Morgaine Gaye, food futurologist, on the ‘science and art’ of predicting food trends
What is a food futurologist?
Basically, I look at trends for the future of food. This entails both desk-based research and a lot of travel. I look at the why behind patterns of behaviour, and assess what people are likely to want in three, four, five years’ time. It’s really fun to be able to tell people what I expect they’ll be into in a few years—they inevitably say “absolutely not”.
What sources do you draw on for your analysis?
Futurology is both a science and an art. We’re really looking for social indicators: sometimes it’s just about being observant and noticing things that aren’t quite what we might consider the norm. For example, a couple of years ago I noticed that a lot of people weren’t wearing watches.
I made a little mental note of it and then started to ask questions. I then put together a premise and looked to support it with evidence. I do the same with food.
How quickly do food trends change?
There will always be fads, but real trends are much deeper social indicators and don’t change quickly. We have to see a trend’s effect in terms of economics, politics, geopolitics, social behaviour, technology—when all of those things align in a certain way, that’s when you start to see the longer curve of a trend. Food is a brilliant social indicator.
What are the drivers of food trends?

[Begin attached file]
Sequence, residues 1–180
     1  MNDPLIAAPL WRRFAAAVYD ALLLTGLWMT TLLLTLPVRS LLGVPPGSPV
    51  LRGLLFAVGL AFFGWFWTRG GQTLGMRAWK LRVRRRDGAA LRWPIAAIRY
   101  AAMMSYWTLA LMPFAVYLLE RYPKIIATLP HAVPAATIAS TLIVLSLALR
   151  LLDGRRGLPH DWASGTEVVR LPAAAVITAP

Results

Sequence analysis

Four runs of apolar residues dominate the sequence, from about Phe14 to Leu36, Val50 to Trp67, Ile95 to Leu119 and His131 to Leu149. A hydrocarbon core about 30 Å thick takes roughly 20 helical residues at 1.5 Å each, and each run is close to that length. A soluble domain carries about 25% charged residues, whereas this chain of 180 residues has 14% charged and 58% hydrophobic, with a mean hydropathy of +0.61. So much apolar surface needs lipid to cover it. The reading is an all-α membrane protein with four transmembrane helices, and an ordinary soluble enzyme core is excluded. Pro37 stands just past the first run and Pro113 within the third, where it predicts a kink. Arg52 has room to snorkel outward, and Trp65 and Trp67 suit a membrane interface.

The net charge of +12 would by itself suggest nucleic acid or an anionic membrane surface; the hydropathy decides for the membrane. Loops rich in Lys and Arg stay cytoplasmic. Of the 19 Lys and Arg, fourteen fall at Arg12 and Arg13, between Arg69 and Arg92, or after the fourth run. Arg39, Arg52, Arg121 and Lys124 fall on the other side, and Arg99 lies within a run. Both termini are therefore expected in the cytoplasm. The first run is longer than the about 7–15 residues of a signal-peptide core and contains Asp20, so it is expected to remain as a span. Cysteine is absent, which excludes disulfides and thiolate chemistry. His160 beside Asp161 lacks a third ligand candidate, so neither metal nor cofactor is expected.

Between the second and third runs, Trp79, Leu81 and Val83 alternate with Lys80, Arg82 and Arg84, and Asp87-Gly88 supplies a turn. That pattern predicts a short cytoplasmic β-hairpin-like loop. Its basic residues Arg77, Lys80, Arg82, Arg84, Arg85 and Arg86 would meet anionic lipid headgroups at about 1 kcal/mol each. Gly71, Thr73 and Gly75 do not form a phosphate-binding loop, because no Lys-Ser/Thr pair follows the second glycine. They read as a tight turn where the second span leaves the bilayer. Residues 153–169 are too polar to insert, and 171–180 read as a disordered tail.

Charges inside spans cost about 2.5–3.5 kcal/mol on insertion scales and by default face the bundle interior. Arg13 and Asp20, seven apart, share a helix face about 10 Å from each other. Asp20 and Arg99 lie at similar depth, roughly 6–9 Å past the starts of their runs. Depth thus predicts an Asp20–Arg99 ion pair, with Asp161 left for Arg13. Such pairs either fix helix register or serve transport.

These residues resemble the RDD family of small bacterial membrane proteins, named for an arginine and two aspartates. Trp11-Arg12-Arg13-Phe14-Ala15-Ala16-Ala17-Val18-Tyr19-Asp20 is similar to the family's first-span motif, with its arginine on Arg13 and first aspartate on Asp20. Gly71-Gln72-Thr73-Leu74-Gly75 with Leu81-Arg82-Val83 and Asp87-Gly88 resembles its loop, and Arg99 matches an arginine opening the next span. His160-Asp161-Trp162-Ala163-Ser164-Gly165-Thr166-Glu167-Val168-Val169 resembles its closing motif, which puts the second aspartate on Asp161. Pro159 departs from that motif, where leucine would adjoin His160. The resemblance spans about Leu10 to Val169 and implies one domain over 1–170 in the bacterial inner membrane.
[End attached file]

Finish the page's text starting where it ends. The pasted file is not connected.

That’s really difficult to answer—it’s a complex mix of things. Individuals rarely affect change, but they may bring it to public awareness or make it more socially acceptable. For example, when René Redzepi from Noma came over to London and served up live ants, suddenly eating insects became more acceptable.
In the same way, people have been vegan for decades, but veganism became the new black because a couple of influential celebrities began to talk about it. It went from carpet bags and flip flops to being something that’s cool and desirable. But the trend itself doesn’t generally come from a person, or a company, or a brand. It’s usually something much deeper than that.
What are the main trends at the moment?
I have no idea what’s happening right at the moment, as I don’t live in the present! One thing would be disruption. We’ve been living in a time of perfection: social media has allowed us to curate our own perfect reality and that comes in many forms, but food is a big part of it—think of food snaps on Instagram, for example.